Ronald Robinson inquest: Paramedics called to treat suffocating dad did not know he had swallowed plastic bag

Leading paramedics involved in the treatment of a Blackpool man who swallowed a plastic bag full of drugs while being arrested had no idea he was suffocating until they retrieved the item from his throat.

By Wes Holmes
Wednesday, 22nd June 2022, 3:45 pm

Ronald Robinson, 56, of Queens Promenade, died of acute airways obstruction after trying to swallow a 7cm by 4cm plastic bag after being pulled over by police on Knowle Avenue, North Shore at 5.30pm on March 11 2021.

At his inquest today (June 22) two paramedics told the court that they had not been informed that the dad-of-five had ingested 'a small ball-shaped object' before he collapsed in the street.

Senior paramedic Daniel Cross said: "The patient was unconscious, he was not breathing and his heart was not beating.

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Ronald Robinson

"I was not informed that the patient had been arrested, or that he had swallowed anything."

Police bodycam footage taken from arresting officer 6968 Reeve, shown on the first day of the inquest, showed the PC telling ambulance technician Craig Eaton that he believed Mr Robinson had swallowed something as he removed a stretcher from the back of the ambulance.

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Blackpool man Ronald Robinson's drugs death captured on police bodycam

However, this message was not passed on to Mr Cross and fellow paramedic Gemma Royle, who were treating Mr Robinson on the other side of the ambulance.

Ronald Robinson

Mr Eaton said: "When I arrived at the patient, we got him onto the stretcher. I didn't pass on any information that (Mr Robinson) had swallowed something because he had an airway on already. I was under the impression that whoever had inserted the airway, that they would have checked his throat to make sure it was clear. At that point, I didn't think it was pertinent to what was happening.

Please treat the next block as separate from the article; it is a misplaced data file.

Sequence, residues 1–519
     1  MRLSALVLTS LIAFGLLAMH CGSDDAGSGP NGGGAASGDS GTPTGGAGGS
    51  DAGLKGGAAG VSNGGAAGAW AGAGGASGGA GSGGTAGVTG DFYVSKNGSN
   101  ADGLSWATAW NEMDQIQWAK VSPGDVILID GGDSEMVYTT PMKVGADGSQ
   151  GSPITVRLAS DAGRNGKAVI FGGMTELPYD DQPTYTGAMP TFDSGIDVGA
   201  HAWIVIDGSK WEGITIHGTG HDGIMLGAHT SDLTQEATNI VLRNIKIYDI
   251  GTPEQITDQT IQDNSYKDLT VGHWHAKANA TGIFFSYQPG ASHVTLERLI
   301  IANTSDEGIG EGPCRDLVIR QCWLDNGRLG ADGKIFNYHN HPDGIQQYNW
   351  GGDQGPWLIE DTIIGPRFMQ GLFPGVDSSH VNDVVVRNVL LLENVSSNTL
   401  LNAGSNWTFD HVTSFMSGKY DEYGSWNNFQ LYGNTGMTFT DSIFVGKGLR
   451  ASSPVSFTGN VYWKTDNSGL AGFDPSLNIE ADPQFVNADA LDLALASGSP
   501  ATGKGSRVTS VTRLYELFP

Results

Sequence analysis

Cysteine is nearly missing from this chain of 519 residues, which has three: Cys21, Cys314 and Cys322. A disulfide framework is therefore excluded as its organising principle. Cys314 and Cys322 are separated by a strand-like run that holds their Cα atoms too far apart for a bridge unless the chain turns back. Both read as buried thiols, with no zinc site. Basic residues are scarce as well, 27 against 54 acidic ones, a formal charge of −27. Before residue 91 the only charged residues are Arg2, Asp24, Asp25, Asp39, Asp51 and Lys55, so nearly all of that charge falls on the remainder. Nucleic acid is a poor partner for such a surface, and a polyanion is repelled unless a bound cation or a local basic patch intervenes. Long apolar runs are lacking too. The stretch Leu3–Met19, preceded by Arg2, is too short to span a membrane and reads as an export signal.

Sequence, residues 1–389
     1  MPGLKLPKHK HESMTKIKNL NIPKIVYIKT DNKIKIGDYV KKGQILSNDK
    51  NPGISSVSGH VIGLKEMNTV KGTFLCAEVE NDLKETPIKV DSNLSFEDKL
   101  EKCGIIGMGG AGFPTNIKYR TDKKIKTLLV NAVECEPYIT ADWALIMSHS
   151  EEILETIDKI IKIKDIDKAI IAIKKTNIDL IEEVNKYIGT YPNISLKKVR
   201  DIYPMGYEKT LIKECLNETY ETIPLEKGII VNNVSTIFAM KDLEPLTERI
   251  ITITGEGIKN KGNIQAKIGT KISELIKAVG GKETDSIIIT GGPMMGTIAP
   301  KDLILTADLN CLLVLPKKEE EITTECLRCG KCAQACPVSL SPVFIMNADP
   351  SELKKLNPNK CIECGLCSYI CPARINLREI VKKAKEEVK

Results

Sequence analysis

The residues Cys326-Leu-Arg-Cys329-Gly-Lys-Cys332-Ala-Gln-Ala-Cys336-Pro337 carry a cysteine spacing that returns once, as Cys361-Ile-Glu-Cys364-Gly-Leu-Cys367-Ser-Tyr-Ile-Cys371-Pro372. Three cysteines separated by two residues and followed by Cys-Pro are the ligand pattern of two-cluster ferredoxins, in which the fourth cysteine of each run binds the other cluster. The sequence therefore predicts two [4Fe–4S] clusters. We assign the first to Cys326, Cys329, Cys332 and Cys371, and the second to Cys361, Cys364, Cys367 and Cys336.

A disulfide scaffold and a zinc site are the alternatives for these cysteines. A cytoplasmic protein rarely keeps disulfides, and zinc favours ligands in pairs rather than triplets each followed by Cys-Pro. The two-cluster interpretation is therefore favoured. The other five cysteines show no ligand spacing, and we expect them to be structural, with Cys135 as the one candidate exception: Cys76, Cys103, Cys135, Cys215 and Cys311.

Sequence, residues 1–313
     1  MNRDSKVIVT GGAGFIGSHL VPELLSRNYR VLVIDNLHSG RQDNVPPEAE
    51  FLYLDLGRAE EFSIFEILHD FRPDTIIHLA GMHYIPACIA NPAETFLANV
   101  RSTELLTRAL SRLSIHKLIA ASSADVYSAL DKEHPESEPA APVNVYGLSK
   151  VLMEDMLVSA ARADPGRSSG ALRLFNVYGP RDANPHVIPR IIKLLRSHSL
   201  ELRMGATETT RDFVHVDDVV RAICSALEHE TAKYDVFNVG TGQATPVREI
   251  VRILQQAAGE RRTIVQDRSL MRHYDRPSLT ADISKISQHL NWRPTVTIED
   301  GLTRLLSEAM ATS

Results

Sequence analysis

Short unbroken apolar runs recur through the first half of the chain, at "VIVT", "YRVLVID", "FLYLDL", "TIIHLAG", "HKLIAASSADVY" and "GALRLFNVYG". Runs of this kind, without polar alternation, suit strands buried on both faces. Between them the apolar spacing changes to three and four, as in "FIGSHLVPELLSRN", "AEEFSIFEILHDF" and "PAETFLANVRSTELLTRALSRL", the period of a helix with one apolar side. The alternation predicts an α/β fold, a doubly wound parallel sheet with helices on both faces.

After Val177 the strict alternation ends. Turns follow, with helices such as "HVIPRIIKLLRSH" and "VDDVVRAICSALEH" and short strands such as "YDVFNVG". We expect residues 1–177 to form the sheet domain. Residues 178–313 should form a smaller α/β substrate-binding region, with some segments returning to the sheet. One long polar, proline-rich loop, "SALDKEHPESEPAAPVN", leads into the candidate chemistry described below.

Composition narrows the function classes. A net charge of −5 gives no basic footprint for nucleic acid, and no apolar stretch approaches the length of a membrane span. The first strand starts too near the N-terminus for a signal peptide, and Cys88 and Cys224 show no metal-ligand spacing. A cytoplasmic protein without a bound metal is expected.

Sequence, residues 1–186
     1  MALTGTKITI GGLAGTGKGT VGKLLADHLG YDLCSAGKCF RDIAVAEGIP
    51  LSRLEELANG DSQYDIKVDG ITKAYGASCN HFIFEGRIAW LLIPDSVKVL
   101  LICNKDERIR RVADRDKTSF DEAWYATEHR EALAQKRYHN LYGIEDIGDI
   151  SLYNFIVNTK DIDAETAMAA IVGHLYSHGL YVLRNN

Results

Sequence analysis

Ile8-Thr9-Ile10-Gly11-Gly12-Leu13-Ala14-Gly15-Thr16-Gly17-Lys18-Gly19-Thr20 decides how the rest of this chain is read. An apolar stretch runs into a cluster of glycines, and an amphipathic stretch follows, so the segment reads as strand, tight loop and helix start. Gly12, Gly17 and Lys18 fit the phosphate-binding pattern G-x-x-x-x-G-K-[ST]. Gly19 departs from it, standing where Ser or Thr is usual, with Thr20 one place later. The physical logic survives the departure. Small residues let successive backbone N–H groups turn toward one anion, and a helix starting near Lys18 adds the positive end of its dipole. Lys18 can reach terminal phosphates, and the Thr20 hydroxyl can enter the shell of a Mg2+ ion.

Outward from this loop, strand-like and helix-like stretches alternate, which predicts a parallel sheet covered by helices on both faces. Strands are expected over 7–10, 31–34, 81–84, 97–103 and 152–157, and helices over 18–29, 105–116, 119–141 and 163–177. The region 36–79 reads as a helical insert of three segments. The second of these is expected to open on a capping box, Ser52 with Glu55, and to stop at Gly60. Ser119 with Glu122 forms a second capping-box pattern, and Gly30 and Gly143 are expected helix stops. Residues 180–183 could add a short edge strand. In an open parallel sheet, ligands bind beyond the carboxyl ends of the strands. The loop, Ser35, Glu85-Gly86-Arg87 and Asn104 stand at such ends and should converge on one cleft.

"In hindsight, I should have passed on that information."

He added: "I heard (PC Reeve) say he'd swallowed something, but I presumed that, because Gemma was with the patient, that was she also getting a handover report from another police officer who was there."

Mr Robinson was taken onto the ambulance, where Mr Eaton noticed his chest was not rising and falling as he was ventilated, indicating a blockage.

Ms Royle used a largyngoscope and a torch to examine his throat and located the plastic bag, which she removed with forceps.

She said: "You could see it at the entry point to the airway. I don't believe you would have been able to see it without the largyngoscope.

"I do remember it being firmly in place and having to apply some force to pull it out."

She said she was 'quite shocked' at the size of the plastic bag.

Mr Cross said: "In my experience, it was the largest item I have ever seen removed from a patient's airway."

As well as requiring specialist equipment to identify the bag, the court also heard it could not have been removed by hand, as doing so could have pushed it deeper into Mr Robinson's throat.

When asked whether earlier removal of the plastic bag would have saved Mr Robinson, Ms Royle said: "I don't think it would have affected the outcome, but there was definitely a communication issue at the scene."

Mr Eaton said: "I'm not sure if it would have changed the outcome, however on reflection I should have made sure that Gemma was aware that (Mr Robinson) had swallowed something as soon as I got to her with the stretcher."

The inquest continues.